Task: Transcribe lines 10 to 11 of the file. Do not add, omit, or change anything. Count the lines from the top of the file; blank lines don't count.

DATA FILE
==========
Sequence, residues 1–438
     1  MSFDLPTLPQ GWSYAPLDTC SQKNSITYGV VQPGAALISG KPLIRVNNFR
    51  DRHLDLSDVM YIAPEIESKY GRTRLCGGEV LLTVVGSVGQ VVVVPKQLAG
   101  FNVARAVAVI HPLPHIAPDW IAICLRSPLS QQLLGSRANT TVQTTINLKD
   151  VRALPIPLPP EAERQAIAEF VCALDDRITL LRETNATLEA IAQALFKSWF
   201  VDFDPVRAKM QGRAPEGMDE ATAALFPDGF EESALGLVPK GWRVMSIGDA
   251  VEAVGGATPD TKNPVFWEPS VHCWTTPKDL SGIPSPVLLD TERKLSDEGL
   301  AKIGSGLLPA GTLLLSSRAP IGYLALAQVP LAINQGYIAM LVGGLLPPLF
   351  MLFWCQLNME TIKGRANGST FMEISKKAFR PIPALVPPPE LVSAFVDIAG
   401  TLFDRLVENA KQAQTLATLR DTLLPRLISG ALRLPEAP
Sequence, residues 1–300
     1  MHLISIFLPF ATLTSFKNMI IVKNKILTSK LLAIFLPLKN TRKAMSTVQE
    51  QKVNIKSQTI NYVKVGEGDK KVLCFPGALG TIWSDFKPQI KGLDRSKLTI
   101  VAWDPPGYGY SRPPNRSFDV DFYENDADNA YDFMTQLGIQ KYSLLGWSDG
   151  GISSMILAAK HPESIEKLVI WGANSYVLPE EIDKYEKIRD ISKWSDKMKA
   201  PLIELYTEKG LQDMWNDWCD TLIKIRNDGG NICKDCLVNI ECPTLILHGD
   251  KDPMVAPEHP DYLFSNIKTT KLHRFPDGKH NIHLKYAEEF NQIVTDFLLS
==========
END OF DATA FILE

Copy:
   401  TLFDRLVENA KQAQTLATLR DTLLPRLISG ALRLPEAP
Sequence, residues 1–300